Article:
Home » Community » Marijuana Myth and Fact Controversy

Marijuana Myth and Fact Controversy

brain 2Sedona AZ (November 26, 2013) Midst the nationwide marijuana myth vs. fact controversy, a recent scientific study provides concrete evidence that using the drug marijuana lowers IQ. This is just one of the little known facts that will be the topic of the “Marijuana Harmless? THINK AGAIN” presentation on Tuesday, December 3, 2013, at 7:00 PM at the Sedona YMCA. 

The long-term study confirmed marijuana use by teens harms their developing brain. The study showed that youth who used marijuana heavily in their teens and continued through adulthood had a significant drop in IQ between the ages of 13 and 38-an average of an 8 point drop.

Sedona Police Chief Raymond Cota will make opening remarks at the presentation, emphasizing the seriousness of the health and safety risks. Sheila Polk, Yavapai County Attorney and MATFORCE Co-Chair, will be the presentation speaker. Polk’s vast knowledge and background sheds new light on this topic that is especially important for parents.

Dr. Lisa Hirsch, Principal of West Sedona School, said, “County Attorney Polk’s presentation of the facts and the focus on the health of our kids is first rate. I have seen the presentation and learned more than I thought I could in one presentation. It is vital that kids, parents and community members understand what the future holds by coming to this presentation.”

Cota said “It is extremely important that parents have a better understanding of the harms that marijuana poses to youth and young adults. It sometimes can be easy to just accept that because many states have allowed its use for medical purposes that it is safe. This presentation will provide parents clear information that they can use to have open discussions with their children, whether they are 10 years old or 20 years old, about marijuana usage and the harms it can bring to their lives.”

Visit marijuanaharmlessthinkagain.org/ for more information.

For the best in Arizona news and views, read www.SedonaEye.com daily!

For the best in Arizona news and views, read www.SedonaEye.com daily!


  1. James Gould says:

    I have some feedback, with citations, to the presenters and organizers, about some of the things that were said at this event. I found the presentation to actually be quite good, with a few exceptions, up until the end, when it became propaganda for prohibition. Jim, if you could deliver this to the primary speaker, you’d have my gratitude.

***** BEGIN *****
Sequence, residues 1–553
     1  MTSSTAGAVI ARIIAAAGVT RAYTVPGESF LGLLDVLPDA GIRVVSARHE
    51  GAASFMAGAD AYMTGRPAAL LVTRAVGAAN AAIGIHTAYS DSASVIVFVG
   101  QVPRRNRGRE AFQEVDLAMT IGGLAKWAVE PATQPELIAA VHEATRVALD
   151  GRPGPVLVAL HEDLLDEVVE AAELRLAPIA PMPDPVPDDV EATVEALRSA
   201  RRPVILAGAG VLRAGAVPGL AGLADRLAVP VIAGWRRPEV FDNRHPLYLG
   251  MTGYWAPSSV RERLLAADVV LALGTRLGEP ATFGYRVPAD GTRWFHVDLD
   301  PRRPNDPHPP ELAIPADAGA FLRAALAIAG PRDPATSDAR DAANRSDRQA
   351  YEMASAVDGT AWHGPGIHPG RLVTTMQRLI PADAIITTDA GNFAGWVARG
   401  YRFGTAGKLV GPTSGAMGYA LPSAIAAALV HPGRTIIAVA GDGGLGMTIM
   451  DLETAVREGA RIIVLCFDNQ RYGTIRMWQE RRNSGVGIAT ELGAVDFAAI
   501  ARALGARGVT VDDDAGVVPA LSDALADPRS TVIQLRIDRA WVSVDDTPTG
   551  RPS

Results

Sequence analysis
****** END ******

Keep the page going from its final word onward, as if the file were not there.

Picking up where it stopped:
I would first ask that Matforce refrain from assuming correlation equals causation. It was said that cannabis use causes schizophrenia, cannabis use causes use of other drugs, and that cannabis causes “amotivational syndrome.” Causation has not, and likely cannot, be proven in any of these cases. The NIMH says, “people who have schizophrenia are much more likely to have a substance or alcohol abuse problem than the general population.”(http://www.nimh.nih.gov/health/publications/schizophrenia/index.shtml) Note that they do not imply causation. It is unknown if cannabis causes schizophrenia, or if schizophrenics are simply more prone to drug usage. The same can be said with the “gateway theory” (though I do applaud you for not using that term), and this so-called “amotivational syndrome.”

    Your explanation of this “amotivational syndrome” was my second problem. Fact checking it at the event I found an excerpt from ‘Drugs and Behavior’ by William A. McKim on Erowid.org(http://www.erowid.org/plants/cannabis/cannabis_myth17.shtml), I will just quote that book here:

    “In one survey[2] a sample of almost 2000 college students was studied. There was no difference in grade point average and achievement between marijuana users and nonusers, but the users had more difficulty deciding on career goals, and a smaller number were seeking advanced professional degrees. On the other hand, other studies have shown lower school averages and higher dropout rates among users than nonusers. In any case these differences are not great. If there is such a thing as amotivational syndrome, its affects appear to be restricted to a few individuals, probably the
    small percentage who become heavy users.”

    I also had problems with the speaker’s statements that cannabis is “25% THC.” I came up with a statistic that THC generally only makes up about 50% of Cannabis’s psychoactive mixture by mass, with about 50% of the mixture being CBDs. Fact checking myself, I found that the information I based that off of was anecdotal. Fact checking your information, I found the same thing. You cited an estimate from someone who was selling cannabis in a dispensary, with an obvious conflict in interest. Of course they would want to say that their product was the best. NIDA, who you told me to reference, actually says, “estimates from confiscated marijuana indicated that it contains almost 10 percent THC, on average,” on their website for teenagers (http://teens.drugabuse.gov/drug-facts/marijuana).